# Algorithm for drawing an outline or stroke around any alpha transparent image

Not sure if there is any name for this algorithm I'm currently developing - "growing neighbourhood algorithm" sounds like an appropriate name. So what is my problem about?

I would like to draw a stroke around an alpha transparent image to outline it. The size of the stroke should be user-definable.

I have an array which is filled by zeros and ones, consider each item of the array as a cell like in Game of Life. An item with 0 is empty (transparent pixel), an item with 1 is a first generation cell (non transparent pixel), the number of generations is defined by the size of the surrounding stroke.

This example depicts an rectangle surrounded by alpha values:

``````0 0 0 0 0 0 0 0 0 0
0 0 0 0 0 0 0 0 0 0
0 0 0 0 0 0 0 0 0 0
0 0 0 1 1 1 1 0 0 0
0 0 0 1 1 1 1 0 0 0
0 0 0 1 1 1 1 0 0 0
0 0 0 1 1 1 1 0 0 0
0 0 0 0 0 0 0 0 0 0
0 0 0 0 0 0 0 0 0 0
0 0 0 0 0 0 0 0 0 0
``````

Then I would like to let the ones grow a new generation by surrounding every 0-generation Moore neighbour. It's the second generation (stroke with 1px) - thus the array looks after growing as follows:

``````0 0 0 0 0 0 0 0 0 0
0 0 0 0 0 0 0 0 0 0
0 0 2 2 2 2 2 2 0 0
0 0 2 1 1 1 1 2 0 0
0 0 2 1 1 1 1 2 0 0
0 0 2 1 1 1 1 2 0 0
0 0 2 1 1 1 1 2 0 0
0 0 2 2 2 2 2 2 0 0
0 0 0 0 0 0 0 0 0 0
0 0 0 0 0 0 0 0 0 0
``````

3rd and 4th generation (stroke with 3px):

``````4 4 4 4 4 4 4 4 4 4
4 3 3 3 3 3 3 3 3 4
4 3 2 2 2 2 2 2 3 4
4 3 2 1 1 1 1 2 3 4
4 3 2 1 1 1 1 2 3 4
4 3 2 1 1 1 1 2 3 4
4 3 2 1 1 1 1 2 3 4
4 3 2 2 2 2 2 2 3 4
4 3 3 3 3 3 3 3 3 4
4 4 4 4 4 4 4 4 4 4
``````

So far so good. I'm achieving this simple task by the following code snippet:

``````for (int gen = 1; gen <= 4; gen++)
{
for (int x = 1; x < arrayWidth - 1; x++)
{
for (int y = 1; y < arrayHeight - 1; y++)
{
// See if this cell is in the current generation.
if (_generation[x + arrayWidth * y] == gen)
{
// Generate next generation.
for (int i = x - 1; i <= x + 1; i++)
{
for (int j = y - 1; j <= y + 1; j++)
{
if (_generation[i + arrayWidth * j] == 0 || _generation[i + arrayWidth * j] > gen)
{
_generation[i + arrayWidth * j] = gen + 1;
}
}
}
}
}
}
}
``````

This approach works perfectly for simple shapes like a rectangle for example. But how can I do this for an ellipse? As soon as we have kind of a stair pattern in the cells, I'm getting messy results:

``````0 0 0 0 0 0 0 0 0 0 0 0 0 0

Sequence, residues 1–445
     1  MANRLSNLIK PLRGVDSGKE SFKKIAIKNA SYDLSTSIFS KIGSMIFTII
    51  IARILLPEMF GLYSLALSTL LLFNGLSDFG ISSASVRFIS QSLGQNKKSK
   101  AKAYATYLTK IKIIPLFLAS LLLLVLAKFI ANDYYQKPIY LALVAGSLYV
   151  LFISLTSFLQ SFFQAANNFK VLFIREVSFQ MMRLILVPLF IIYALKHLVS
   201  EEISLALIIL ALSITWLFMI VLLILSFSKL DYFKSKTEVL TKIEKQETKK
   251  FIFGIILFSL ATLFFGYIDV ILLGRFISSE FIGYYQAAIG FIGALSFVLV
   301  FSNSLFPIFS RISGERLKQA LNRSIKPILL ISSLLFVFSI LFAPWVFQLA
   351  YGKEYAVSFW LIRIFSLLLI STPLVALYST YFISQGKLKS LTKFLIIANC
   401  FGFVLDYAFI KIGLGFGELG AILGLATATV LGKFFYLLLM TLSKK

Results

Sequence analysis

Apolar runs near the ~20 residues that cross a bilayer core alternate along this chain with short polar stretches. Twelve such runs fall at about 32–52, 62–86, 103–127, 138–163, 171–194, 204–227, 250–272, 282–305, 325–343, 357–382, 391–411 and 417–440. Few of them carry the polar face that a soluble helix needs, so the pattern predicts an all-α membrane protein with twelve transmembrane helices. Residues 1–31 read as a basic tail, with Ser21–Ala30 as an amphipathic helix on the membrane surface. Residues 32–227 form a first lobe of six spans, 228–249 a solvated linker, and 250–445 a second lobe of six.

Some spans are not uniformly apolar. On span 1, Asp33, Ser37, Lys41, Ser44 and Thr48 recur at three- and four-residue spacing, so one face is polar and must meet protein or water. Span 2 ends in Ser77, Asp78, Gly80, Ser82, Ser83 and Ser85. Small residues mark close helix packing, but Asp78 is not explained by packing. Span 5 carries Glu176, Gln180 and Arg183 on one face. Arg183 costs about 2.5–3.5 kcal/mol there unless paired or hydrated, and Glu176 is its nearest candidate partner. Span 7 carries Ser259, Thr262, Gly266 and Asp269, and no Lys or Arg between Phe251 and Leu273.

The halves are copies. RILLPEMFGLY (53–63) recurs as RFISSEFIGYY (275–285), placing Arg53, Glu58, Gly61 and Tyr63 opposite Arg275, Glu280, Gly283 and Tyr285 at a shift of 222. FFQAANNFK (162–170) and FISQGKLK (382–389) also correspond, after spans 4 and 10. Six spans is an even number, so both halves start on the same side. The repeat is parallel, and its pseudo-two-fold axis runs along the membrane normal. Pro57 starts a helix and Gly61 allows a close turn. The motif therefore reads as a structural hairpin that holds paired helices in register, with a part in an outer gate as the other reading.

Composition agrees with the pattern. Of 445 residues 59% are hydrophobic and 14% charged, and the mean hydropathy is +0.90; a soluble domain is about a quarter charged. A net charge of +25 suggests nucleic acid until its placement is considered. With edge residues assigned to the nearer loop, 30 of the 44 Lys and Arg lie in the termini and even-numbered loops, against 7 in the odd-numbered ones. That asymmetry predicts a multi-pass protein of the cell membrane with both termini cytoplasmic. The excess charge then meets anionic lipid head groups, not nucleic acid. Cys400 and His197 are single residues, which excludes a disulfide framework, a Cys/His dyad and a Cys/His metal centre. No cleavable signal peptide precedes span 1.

0 0 0 0 0 0 0 0 0 0 0 0 0 0
0 0 0 0 0 1 1 1 1 0 0 0 0 0
0 0 0 0 1 1 1 1 1 1 0 0 0 0
0 0 0 1 1 1 1 1 1 1 1 0 0 0
0 0 1 1 1 1 1 1 1 1 1 1 0 0
0 0 1 1 1 1 1 1 1 1 1 1 0 0
0 0 1 1 1 1 1 1 1 1 1 1 0 0
0 0 1 1 1 1 1 1 1 1 1 1 0 0
0 0 1 1 1 1 1 1 1 1 1 1 0 0
0 0 0 1 1 1 1 1 1 1 1 0 0 0
0 0 0 0 1 1 1 1 1 1 0 0 0 0
0 0 0 0 0 1 1 1 1 0 0 0 0 0
0 0 0 0 0 0 0 0 0 0 0 0 0 0
0 0 0 0 0 0 0 0 0 0 0 0 0 0

0 0 0 0 0 0 0 0 0 0 0 0 0 0
0 0 0 0 2 2 2 2 2 2 0 0 0 0
0 0 0 2 2 1 1 1 1 2 2 0 0 0
0 0 2 2 1 1 1 1 1 1 2 2 0 0
0 2 2 1 1 1 1 1 1 1 1 2 2 0
0 2 1 1 1 1 1 1 1 1 1 1 2 0
0 2 1 1 1 1 1 1 1 1 1 1 2 0
0 2 1 1 1 1 1 1 1 1 1 1 2 0
0 2 1 1 1 1 1 1 1 1 1 1 2 0
0 2 1 1 1 1 1 1 1 1 1 1 2 0
0 2 2 1 1 1 1 1 1 1 1 2 0 0
0 0 2 2 1 1 1 1 1 1 2 2 0 0
0 0 0 2 2 1 1 1 1 2 2 0 0 0
0 0 0 0 2 2 2 2 2 2 0 0 0 0
0 0 0 0 0 0 0 0 0 0 0 0 0 0

0 0 0 3 3 3 3 3 3 3 3 0 0 0
0 0 3 3 2 2 2 2 2 2 3 3 0 0
0 3 3 2 2 1 1 1 1 2 2 3 3 0
3 3 2 2 1 1 1 1 1 1 2 2 3 3
3 2 2 1 1 1 1 1 1 1 1 2 2 3
3 2 1 1 1 1 1 1 1 1 1 1 2 3
3 2 1 1 1 1 1 1 1 1 1 1 2 3
3 2 1 1 1 1 1 1 1 1 1 1 2 3
3 2 1 1 1 1 1 1 1 1 1 1 2 3
3 2 1 1 1 1 1 1 1 1 1 1 2 3
3 2 2 1 1 1 1 1 1 1 1 2 2 3
3 3 2 2 1 1 1 1 1 1 2 2 3 3
0 3 3 2 2 1 1 1 1 2 2 3 3 0
0 0 3 3 2 2 2 2 2 2 3 3 0 0
0 0 0 3 3 3 3 3 3 3 3 0 0 0
``````

When applying this algorithm to an ellipse, the outline looks kinda weird because of this problem (left: algorithm result, right: requested result):

The problem here is that I do not want have those 2 2 and 3 3 duplicate blocks which occur every time I have this "stair" pattern:

``````1 0 0 0 0 0 0 1
0 1 0 0 0 0 1 0
0 0 1 0 0 1 0 0
0 0 0 1 1 0 0 0
``````

I want the above 2nd and 3rd generation calculations look like this:

``````0 0 0 0 0 0 0 0 0 0 0 0 0 0
0 0 0 0 0 2 2 2 2 0 0 0 0 0
0 0 0 0 2 1 1 1 1 2 0 0 0 0
0 0 0 2 1 1 1 1 1 1 2 0 0 0
0 0 2 1 1 1 1 1 1 1 1 2 0 0
0 2 1 1 1 1 1 1 1 1 1 1 2 0
0 2 1 1 1 1 1 1 1 1 1 1 2 0
0 2 1 1 1 1 1 1 1 1 1 1 2 0
0 2 1 1 1 1 1 1 1 1 1 1 2 0
0 2 1 1 1 1 1 1 1 1 1 1 2 0
0 0 2 1 1 1 1 1 1 1 1 2 0 0
0 0 0 2 1 1 1 1 1 1 2 0 0 0
0 0 0 0 2 1 1 1 1 2 0 0 0 0
0 0 0 0 0 2 2 2 2 0 0 0 0 0
0 0 0 0 0 0 0 0 0 0 0 0 0 0

0 0 0 0 0 3 3 3 3 0 0 0 0 0
0 0 0 0 3 2 2 2 2 2 3 0 0 0
0 0 0 3 2 1 1 1 1 2 3 0 0 0
0 0 3 2 1 1 1 1 1 1 2 3 0 0
0 3 2 1 1 1 1 1 1 1 1 2 3 0
3 2 1 1 1 1 1 1 1 1 1 1 2 3
3 2 1 1 1 1 1 1 1 1 1 1 2 3
3 2 1 1 1 1 1 1 1 1 1 1 2 3
3 2 1 1 1 1 1 1 1 1 1 1 2 3
3 2 1 1 1 1 1 1 1 1 1 1 2 3
0 3 2 1 1 1 1 1 1 1 1 2 3 0
0 0 3 2 1 1 1 1 1 1 2 3 0 0
0 0 0 3 2 1 1 1 1 2 3 0 0 0
0 0 0 3 2 2 2 2 2 2 3 0 0 0
0 0 0 0 3 3 3 3 3 3 0 0 0 0
``````

I've tried numerous methods to filter out those duplicate cell blocks, but I can't find an easy and generic solution for solving the problem.

Any ideas how to get stroke/outline like I get from Photoshop or Paint.NET?

Thanks!

Cheers P

-
I think that you might make progress by `morphological dilation` with an appropriate `structuring element`. I don't have time to explain in any detail, while you wait for an answer, start reading at en.wikipedia.org/wiki/Mathematical_morphology –  High Performance Mark Oct 2 '12 at 9:39
Your question should be an example to everyone - "How to ask good questions" –  Andrey Oct 2 '12 at 10:09

The proper name is `dilation`, check out morphological operations. You should try dilation with circle element, this will give you the requested result.

Here is a Matlab code that shows how it is done:

``````im = imcircle(70);